Mercedes-Benz Common Problems
Have you ever wondered what are some of the most common problems with Mercedes-Benz cars? In this article, we will go over some of the problems that we see the most on Mercedes-Benz models such: as E, C, S, ML, SLK, CLK, CLS, GL, G Class.
List of the most common Mercedes-Benz problems.
One of the main challenges with Mercedes-Benz cars is rust. We still remember an older Mercedes-Benz 240D that had over 1 million miles still running strong but the floor had rusted out, and you can see the ground when sitting on the driver seat. The newer Mercedes-Benz models still have rust issues as well. Get a flashlight and carefully inspect the car. Look under the wheel wells and near the bumpers. Check the front fenders and the rear quarter panels. Once rust develops it is very expensive to repair. You should avoid cars that have rust.
One place that you should always check for rust is behind the license plate. Remove the license plate and inspect.
Check for rust at the bottom of the doors. This is another spot where you may notice rust problems.
Engine mounts on Mercedes-Benz cars are oil filled. Their main purpose is to keep the engine vibrations from being transmitted to the cabin. Because they are oil filled, around 100,000 miles, they start to fail and lose the oil. When the engine mounts fail you may notice excessive vibration on the seat, in the cabin, and even on the steering wheel. The price of the engine mounts is reasonable when you buy the parts online. Replacing the motor mounts can take between 4 and 6 hours labor.
3 Suspension & Steering Components
Ball joints, sway bar link,control arm bushings on used Mercedes-Benz wear out much sooner than you would expect. This is based on our experience with used Mercedes-Benz. If you take a Mercedes-Benz for state inspection, it is very likely to fail due to suspension issues especially if the car has over 100k miles.
Window regulators do the hard work when you press the button to lower or close the windows. They do tend to fail more on Mercedes-Benz ML-Class and C-Class based on our experience. Window regulators don’t fail on Mercedes-Benz cars only. They are a common problem on BMW, Lexus, and Audi. Window regulators can easily be replaced. This is a DIY type of job if you have the patience. If you have a mechanic at your local auto repair shop change the window regulator expect to pay between $350-$500 and even more at your authorized Mercedes-Benz dealership.
The first Mercedes-Benz models that had air suspension were the S-Class W220 in 2000 and later the E-Class W211. The airmatic bags replaces the struts and shocks on your Mercedes-Benz. While it was an excellent feature added to some Mercedes-Benz models, but it was also prone to failure. In the early days, replacement parts were very expensive, but aftermarket parts are now readily available and at reasonable prices. Not all Mercedes-Benz cars are equipped with air suspension, so this doesn’t apply to all MB models. Air suspension components that fail the most are:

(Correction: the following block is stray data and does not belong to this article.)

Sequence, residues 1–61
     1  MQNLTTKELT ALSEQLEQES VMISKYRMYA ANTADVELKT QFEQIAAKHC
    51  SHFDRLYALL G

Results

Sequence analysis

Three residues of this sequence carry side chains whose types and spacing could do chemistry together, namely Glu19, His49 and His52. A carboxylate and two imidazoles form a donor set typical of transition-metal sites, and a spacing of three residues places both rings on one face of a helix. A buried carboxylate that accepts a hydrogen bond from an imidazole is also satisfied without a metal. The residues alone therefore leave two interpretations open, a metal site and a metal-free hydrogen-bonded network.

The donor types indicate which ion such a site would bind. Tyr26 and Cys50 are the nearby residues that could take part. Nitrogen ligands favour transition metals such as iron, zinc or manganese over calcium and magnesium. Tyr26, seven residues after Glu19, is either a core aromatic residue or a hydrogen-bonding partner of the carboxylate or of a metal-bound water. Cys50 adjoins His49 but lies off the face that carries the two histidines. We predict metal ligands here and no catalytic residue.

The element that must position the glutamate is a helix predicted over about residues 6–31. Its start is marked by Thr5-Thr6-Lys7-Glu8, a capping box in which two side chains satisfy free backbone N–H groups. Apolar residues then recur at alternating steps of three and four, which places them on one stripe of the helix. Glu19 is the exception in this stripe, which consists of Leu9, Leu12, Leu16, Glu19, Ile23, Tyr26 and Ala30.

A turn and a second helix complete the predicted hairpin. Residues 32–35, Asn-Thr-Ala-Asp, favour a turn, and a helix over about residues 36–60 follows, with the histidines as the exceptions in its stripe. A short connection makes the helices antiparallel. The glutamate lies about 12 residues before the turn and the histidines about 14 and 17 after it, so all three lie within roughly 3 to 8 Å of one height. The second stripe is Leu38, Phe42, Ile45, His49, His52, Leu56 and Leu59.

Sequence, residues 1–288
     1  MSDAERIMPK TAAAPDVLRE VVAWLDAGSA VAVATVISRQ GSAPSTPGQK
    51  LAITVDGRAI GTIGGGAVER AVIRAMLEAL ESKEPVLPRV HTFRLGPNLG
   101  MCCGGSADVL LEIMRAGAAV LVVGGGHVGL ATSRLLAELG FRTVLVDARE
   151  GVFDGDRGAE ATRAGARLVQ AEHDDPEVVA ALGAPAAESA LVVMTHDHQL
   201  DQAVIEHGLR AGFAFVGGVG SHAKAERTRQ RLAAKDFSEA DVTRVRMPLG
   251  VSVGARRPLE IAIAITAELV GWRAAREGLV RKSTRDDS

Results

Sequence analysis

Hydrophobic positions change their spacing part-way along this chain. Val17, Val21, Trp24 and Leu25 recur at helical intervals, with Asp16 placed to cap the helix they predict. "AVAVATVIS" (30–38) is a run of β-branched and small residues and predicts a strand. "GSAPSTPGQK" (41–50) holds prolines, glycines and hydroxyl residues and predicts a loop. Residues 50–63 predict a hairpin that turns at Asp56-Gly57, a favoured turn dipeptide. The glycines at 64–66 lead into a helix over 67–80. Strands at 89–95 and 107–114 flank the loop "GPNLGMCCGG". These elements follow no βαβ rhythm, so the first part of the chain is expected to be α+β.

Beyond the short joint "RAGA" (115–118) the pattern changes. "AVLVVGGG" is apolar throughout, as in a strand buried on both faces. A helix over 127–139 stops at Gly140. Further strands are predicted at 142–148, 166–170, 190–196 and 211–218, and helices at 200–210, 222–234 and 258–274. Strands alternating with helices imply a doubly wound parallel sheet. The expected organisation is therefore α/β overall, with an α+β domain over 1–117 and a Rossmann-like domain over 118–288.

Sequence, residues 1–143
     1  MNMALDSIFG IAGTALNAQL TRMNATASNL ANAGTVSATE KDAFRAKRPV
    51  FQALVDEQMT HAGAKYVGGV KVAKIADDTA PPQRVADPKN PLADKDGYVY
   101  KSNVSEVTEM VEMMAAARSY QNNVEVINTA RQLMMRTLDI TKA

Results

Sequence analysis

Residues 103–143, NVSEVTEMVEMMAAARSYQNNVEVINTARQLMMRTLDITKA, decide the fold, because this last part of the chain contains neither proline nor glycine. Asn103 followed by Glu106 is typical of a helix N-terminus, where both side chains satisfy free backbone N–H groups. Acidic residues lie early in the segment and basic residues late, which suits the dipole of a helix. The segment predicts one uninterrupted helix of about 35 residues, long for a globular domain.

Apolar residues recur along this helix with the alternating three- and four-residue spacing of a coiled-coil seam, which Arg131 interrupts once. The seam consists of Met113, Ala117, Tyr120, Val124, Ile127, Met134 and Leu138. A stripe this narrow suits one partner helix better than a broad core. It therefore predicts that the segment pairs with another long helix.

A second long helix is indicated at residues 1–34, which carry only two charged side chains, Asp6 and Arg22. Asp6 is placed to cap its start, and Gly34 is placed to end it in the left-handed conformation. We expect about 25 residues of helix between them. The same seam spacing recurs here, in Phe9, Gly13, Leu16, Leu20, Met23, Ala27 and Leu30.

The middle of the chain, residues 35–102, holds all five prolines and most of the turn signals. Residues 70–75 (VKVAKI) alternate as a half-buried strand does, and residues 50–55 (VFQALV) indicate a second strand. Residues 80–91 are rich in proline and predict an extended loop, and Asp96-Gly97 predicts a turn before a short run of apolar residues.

|Suspension Air Compressor And Relay|
|Air Suspension Strut / Bag|
Catalytic converters are prone to failure. We have seen a few Mercedes-Benz needing new catalytic converters at 60,000 miles. As the catalytic converter may become less effective or clogged, the oxygen sensors may trigger the check engine or service engine light. As the catalytic converter’s condition worsens you may also notice performance issues, misfire, and hesitation. Replacing the catalytic converter can be very expensive. Depending on the Mercedes-Benz model you may get quotes as high as $4000. If that is out of your budget, the alternative would be to install Universal Catalytic Converter. It costs a lot less but you will need an exhaust / muffler shop to weld it in place.
The 5-speed automatic transmission is a very well built and robust transmission. But a chain can be as long as its weakest link and that philosophy applies to Mercedes-Benz transmission. While the transmission in itself is bulletproof the13-pin connector and the valve body issues have caused a fair reputation damage to Mercedes-Benz. The good thing is that these repairs are relatively inexpensive and can be completed without removing the transmission.
8Check Engine Light
A very common problem is the check engine light coming on due to the gas cap not being tight enough. Next time you fill up your car with gas, make sure to tighten the gas cap or the service engine light may come on. If the check engine light comes on for other reasons you can use an OBD II scanner to read and erase the engine fault codes on your Mercedes-Benz. In the video below we show you how to Rear and Erase the fault Check Engine Fault Codes using one of Best Selling OBD-II scanners on Amazon and the more advanced Launch Creader OBD II scanner.